The New Paltz school district is in “fiscal stress,” according to a report from the state Comptroller’s Office.
The report released on Jan. 28 by Thomas DiNapoli shows fiscal stress rankings of school districts statewide over the past three years.
DiNapoli’s “Fiscal Stress Monitoring System” was launched in 2013 to monitor local governments and school districts to determine an early warning of fiscal stress. The system evaluates a number of budgetary issues like operating deficits and year-end fund balances, according to a Fiscal Stress Monitoring System fact sheet.
This year, 82 school districts are experiencing some degree of fiscal stress. Eight districts, none in the Mid-Hudson region, are in “significant fiscal stress,” the highest category while 50 districts were susceptible to fiscal stress.
New Paltz has been on the “moderate fiscal stress” list for the second year in a row. Twenty-four other districts are also classified as having “moderate fiscal stress.”
A main cause to school districts’ financial issues is the Gap Elimination Adjustment (GEA). It was created to help close New York’s $10 billion budget deficit during the year 2010-11 which reduced state aid to school districts.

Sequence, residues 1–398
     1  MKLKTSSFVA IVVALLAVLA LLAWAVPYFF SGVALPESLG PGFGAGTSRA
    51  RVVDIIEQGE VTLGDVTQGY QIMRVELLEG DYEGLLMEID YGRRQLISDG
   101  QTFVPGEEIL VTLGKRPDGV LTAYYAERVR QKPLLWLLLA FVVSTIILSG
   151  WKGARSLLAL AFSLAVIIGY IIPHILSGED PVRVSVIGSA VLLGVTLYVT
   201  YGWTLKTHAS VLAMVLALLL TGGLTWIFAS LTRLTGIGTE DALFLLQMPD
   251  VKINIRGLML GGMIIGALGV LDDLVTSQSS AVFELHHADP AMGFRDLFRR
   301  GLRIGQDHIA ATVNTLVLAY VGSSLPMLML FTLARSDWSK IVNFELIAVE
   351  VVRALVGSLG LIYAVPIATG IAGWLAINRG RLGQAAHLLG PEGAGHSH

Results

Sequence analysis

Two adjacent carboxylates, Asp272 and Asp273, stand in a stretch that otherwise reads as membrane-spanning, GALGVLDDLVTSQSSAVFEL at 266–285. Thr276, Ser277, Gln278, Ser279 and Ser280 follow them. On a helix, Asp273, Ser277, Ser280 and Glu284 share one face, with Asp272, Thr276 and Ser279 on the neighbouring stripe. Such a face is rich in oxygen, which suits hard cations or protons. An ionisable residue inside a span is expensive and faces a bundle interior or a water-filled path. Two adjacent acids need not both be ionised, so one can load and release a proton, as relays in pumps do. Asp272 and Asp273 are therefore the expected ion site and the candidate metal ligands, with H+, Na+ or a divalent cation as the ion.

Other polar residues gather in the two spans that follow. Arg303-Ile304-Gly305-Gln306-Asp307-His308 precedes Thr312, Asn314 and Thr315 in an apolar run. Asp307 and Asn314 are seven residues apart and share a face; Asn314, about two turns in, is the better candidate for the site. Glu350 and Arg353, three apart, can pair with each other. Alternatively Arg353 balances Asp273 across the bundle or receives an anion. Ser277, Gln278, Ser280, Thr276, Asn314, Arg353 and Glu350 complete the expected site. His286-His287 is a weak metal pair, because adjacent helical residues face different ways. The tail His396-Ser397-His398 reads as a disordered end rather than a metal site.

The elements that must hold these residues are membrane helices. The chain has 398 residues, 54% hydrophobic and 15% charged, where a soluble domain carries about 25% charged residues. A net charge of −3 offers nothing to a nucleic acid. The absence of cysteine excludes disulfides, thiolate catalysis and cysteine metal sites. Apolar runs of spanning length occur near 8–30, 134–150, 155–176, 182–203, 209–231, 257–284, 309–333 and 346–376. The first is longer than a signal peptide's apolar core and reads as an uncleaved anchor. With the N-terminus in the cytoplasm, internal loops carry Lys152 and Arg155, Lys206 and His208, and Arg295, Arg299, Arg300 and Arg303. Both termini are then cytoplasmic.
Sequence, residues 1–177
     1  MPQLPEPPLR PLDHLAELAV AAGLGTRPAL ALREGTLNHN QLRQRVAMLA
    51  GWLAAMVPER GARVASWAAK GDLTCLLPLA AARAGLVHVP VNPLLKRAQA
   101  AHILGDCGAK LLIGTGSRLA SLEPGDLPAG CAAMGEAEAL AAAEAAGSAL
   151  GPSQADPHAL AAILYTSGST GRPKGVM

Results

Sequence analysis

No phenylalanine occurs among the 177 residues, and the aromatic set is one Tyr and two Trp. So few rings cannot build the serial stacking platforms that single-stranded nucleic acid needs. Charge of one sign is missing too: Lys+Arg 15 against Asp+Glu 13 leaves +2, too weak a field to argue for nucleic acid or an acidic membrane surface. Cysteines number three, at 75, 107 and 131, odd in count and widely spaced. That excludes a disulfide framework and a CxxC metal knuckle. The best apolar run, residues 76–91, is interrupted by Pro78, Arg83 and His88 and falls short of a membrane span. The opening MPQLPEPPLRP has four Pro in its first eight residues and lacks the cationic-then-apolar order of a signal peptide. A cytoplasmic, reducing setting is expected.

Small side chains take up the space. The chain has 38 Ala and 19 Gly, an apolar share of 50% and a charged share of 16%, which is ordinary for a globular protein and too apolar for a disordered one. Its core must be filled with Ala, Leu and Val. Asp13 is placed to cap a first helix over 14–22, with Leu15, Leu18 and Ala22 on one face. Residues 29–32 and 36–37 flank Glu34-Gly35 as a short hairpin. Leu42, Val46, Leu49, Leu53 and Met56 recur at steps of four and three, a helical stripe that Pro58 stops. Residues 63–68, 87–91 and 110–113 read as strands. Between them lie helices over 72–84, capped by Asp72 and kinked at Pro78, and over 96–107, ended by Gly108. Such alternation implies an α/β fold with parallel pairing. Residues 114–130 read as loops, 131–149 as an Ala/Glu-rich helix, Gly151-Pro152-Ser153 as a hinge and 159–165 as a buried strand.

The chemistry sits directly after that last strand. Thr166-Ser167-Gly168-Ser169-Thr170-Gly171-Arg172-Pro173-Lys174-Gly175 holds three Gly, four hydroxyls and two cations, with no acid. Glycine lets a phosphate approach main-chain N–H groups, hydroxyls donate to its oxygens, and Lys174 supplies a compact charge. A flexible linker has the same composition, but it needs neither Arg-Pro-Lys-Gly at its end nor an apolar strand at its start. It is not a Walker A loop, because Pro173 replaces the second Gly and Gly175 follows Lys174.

The property tax levy limit law, also known as the tax cap, continues to constrain school districts’ ability to increase their property tax levies. The tax cap, which went into effect shortly after the GEA, limits tax levy increases to the lesser of the rate of inflation or two percent. The state’s base cap for school district tax levy for 2016-17 is just .12 percent.
The New Paltz Assistant Superintendent for Business Richard Linden, explained the district is in fiscal stress because instead of saving most of the fund balance to pay for next year’s budget, they used the money to keep as many staff positions as they could.
“We have been trying to delay cutting positions as much as possible, but we’ve still had to cut many staff members,” Linden said.
Linden also said legally the district is allowed to keep four percent of the fund balance which is equivalent of about $2. The New Paltz districts have only been keeping between $100,000-$200,000 in order to keep as many staff members and education programs as possible.
Superintendent Maria Rice believes the district must maintain educational value in its schools but this has proven difficult with New Paltz’s unappropriated fund balance.
“The most affected areas are kindergarten through 12th grade,” Rice said. “We’ve had to cut out electives and class sizes have increased in every building.”
Classes now contain 30-35 students which may cause students to not receive beneficial attention from their teachers.
Rice said the district is trying to find creative ways with the cut backs to create a cohesive and inclusive environment for the students. For example, the district had to cut a library media specialist and is now trying to fill the gaps with computer science education.
Linden said the there needs to be an increase in state aid or a decrease in the tax cap in order to keep money in the fund balance.
“We just do not make significant cuts,” Rice said. “It’s not who we are in New Paltz.”